As a potential May 27 adjournment approaches for the second regular session of Oklahoma’s 55th Legislature, bill activity has slowed as everyone waits for a budget agreement.

At the same time, the work accomplished thus far has resulted in progress: By Thursday’s end, Gov. Mary Fallin had signed 30 bills into law.

All that to say this: While lawmakers have completed some of the heavy lifting for this session, much work remains.

FTW: Autism coverage becomes a reality

As The Tulsa World editorial board put it, “better late than never.”

NonDoc has covered HB 2962‘s progress in a previous post, and the bill received Fallin’s signature Wednesday. As screenings, diagnoses and treatment of autism spectrum disorder for children under 9 years old now becomes a reality, Oklahoma can shed the dubious distinction of being one of only seven other states that lack mandatory insurance coverage for the treatment of autistic children.

FTW: Reforms approved for balancing budget

To continue the use of clichés begun by TW editors: You gotta start somewhere.

During the fourth meeting of the Senate’s Joint Committee on Appropriations and Budget (JCAB) on Thursday, no less than seven reform measures were approved, each with an eye toward filling the state’s $1.3 billion revenue shortfall.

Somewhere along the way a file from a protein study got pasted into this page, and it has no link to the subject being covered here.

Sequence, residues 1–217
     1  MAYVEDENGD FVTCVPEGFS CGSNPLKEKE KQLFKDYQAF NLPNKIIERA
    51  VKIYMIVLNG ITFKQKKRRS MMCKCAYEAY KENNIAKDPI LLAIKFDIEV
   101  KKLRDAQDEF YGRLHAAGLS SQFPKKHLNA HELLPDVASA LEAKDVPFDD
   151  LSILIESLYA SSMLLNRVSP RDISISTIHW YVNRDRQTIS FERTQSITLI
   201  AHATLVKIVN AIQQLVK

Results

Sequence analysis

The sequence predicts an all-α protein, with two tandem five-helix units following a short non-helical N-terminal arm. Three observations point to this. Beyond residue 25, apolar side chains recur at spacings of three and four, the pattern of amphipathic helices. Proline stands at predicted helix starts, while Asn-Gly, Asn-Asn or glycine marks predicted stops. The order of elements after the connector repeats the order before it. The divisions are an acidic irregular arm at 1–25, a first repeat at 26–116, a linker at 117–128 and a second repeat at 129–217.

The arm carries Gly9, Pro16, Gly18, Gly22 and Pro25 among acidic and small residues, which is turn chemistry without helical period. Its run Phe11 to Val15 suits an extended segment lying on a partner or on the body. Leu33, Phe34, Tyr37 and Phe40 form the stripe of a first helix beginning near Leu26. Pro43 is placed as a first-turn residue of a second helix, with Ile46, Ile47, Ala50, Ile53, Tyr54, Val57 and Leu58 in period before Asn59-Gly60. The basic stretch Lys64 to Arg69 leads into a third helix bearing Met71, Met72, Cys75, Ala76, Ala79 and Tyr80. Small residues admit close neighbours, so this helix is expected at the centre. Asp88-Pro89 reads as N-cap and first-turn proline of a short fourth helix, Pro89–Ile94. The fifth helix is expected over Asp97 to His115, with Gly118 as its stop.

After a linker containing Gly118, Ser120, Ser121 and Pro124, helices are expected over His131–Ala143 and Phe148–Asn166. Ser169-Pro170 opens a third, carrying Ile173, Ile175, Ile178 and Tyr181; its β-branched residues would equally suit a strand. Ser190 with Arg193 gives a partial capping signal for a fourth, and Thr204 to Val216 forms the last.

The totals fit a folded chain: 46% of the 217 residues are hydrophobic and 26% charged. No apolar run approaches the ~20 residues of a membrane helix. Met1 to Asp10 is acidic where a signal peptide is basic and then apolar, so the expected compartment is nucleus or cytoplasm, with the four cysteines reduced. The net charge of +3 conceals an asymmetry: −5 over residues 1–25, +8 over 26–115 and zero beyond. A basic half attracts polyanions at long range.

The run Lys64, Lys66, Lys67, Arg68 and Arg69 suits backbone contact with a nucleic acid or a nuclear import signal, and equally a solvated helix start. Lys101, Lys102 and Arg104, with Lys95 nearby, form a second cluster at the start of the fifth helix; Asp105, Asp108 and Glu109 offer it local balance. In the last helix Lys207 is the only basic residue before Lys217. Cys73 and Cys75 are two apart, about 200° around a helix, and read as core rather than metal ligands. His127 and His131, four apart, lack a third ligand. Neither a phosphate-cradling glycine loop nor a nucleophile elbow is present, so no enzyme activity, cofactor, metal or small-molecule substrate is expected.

WTF sidebar

In a vote of 13 to 7, the JCAB also approved SB 1578, which eliminates the state’s tax credits for the construction of energy efficient homes. Although this measure would not have an impact for fiscal year 2017 if adopted, it would remove an incentive for “green” construction given that the items for which tax credits may be earned usually carry a substantial up-front cost compared to standard materials and appliances.

Collectively, the measures seek to generate an estimated $190.4 million in additional funds, but it’s really only two measures that create the lion’s share (84.4 percent) of that figure, with HB 3206 alone accounting for 65.6 percent of the gain ($125 million). It creates a mechanism by which, in December, the Office of Management and Enterprise Services can transfer and appropriate money remaining in the Cash Flow Reserve Fund.

FTW: Catfishing Liability Act of 2016

In line with SB 1257, which creates penalties for posting revenge porn online, HB 3024 creates the Catfishing Liability Act of 2016. Under the bill, internet catfishing is defined as, “Knowingly using another’s name, voice, signature, photograph or likeness through social media to create false identities without consent.” It’s basically online impersonation, and plaintiffs who fall for the digital ruse may seek actual damages, punitive damages up to $500, and the reimbursement of attorney’s fees.

In its fourth reading Thursday, SB 1257 passed the House 74 to 3, with Reps. Richard Morrissette (D-OKC), Shane Stone (D-OKC) and Cory Williams (D-Stillwater) voting against.

Previous coverage of 23rd and Lincoln

March 4: This week in WTF: HB 2665 and HB 2797

March 11: WTF v. FTW: Church-state debate and criminal-justice reform

April 8: WTF v. FTW: Modernization meets reality

April 15: WTF v. FTW: Cops could soon scan license plates

April 22: This week in FTW: Lawmakers haze frosh Sen. Dossett

April 29: WTF v. FTW: Of sodomy law and civil asset forfeiture